Where many brands have failed is in that work-life balance desired in one’s hotel room. Worley, who would be thrilled to find mobile check-in just like the airlines do, shares a secret, “Business travel is a rare moment to reduce stimulus.” Boyd adds, “Sitting is the new smoking. Provide a stand-up/sit down desk. I’m sitting in some chair that can’t be adjusted and if you’re actually trying to work for more than a few minutes it is terrible.”
Anhut is pleased to announce, “We got you covered. Look for stand up desks at EVEN. And, if you need to be plugged in and want to be plugged in it is accommodated easily with ports and large screens. But you can also quiet that room down. We have light that allows you to change color of the rooms and go from subdued all the way over to the orange part of the spectrum.”
Customizing the room experience with adjustable lighting is one way to create a personalized experience, data mining is another. But, as Worley, cautions, it must be handled carefully. She says, “I think predictive data mining is dangerous in this field.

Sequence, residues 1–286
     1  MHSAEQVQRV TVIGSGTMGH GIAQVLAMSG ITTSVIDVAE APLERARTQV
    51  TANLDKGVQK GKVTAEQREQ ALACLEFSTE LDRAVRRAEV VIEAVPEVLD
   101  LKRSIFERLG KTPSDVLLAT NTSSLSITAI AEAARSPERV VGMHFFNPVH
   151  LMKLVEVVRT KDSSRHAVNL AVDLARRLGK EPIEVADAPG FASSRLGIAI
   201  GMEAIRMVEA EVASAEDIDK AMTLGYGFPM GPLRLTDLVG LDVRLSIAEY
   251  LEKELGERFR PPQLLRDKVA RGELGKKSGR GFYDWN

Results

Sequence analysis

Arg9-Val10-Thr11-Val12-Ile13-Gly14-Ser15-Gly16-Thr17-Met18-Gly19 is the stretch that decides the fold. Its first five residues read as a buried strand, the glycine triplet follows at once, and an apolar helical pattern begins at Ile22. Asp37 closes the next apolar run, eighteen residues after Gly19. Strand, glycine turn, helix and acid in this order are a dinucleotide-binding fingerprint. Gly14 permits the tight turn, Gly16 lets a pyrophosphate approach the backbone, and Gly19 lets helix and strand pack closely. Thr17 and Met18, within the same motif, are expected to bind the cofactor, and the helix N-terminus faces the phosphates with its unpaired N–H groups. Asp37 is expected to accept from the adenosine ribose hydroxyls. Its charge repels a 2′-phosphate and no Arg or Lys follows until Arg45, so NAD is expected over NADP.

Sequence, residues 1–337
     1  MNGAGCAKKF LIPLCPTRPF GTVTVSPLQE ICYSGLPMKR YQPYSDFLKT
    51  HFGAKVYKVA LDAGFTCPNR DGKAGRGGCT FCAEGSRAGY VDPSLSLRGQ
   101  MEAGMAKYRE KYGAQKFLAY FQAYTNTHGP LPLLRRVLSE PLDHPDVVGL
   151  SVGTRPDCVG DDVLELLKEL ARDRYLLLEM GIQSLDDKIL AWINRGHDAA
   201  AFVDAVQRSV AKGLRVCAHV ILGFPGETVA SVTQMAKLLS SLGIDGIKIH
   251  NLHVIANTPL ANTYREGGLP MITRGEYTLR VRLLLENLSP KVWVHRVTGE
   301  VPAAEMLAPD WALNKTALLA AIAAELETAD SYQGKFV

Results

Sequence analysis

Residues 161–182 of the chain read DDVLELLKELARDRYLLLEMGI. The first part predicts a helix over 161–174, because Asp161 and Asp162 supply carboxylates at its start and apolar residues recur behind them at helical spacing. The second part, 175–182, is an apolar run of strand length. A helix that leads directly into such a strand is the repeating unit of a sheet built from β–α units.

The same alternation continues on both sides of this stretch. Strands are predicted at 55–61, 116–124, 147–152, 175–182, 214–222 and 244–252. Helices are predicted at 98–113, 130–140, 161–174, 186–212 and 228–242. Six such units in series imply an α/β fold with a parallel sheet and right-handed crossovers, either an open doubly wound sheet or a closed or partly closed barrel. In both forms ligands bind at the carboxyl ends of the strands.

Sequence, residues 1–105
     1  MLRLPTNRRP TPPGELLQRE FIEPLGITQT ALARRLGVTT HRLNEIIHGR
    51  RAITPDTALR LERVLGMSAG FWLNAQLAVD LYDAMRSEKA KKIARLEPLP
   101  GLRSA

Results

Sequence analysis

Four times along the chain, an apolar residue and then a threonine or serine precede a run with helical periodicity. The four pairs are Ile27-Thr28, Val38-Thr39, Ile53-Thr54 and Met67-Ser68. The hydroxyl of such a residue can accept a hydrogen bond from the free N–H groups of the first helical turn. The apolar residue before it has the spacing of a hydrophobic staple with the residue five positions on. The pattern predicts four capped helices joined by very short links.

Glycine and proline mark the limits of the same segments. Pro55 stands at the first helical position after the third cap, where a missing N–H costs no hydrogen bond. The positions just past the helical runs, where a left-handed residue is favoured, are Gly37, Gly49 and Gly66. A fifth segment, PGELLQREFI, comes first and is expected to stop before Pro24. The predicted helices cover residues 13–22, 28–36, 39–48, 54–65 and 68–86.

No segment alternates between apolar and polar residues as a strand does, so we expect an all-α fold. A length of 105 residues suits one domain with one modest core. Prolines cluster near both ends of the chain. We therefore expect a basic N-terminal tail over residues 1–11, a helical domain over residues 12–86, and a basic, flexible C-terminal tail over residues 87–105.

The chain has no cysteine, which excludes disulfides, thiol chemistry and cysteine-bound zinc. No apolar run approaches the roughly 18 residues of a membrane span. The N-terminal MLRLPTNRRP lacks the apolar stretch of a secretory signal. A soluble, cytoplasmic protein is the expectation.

But it all goes back to the question about personalization. There are very few people I trust with my data; what it all comes down to is consistency. If we're going to be in this relationships, let's talk for real. If you ask me I might tell you, what I like, what I hope for. For example I just want know that I can tell you ‘could I please just have some fruit in my room?’ That's a negotiation we can have. It's a clear specific ask for information with a direct reward or transaction as opposed to an upsell or secondary data mining.”
Anhut concurs, “It isn’t just about wellness, it is really about balance. I destress by turning lights down, someone else does it by chocolate. In our industry we turn to technology for personalization, but realistically, at the end of the day, personalization is delivered by people.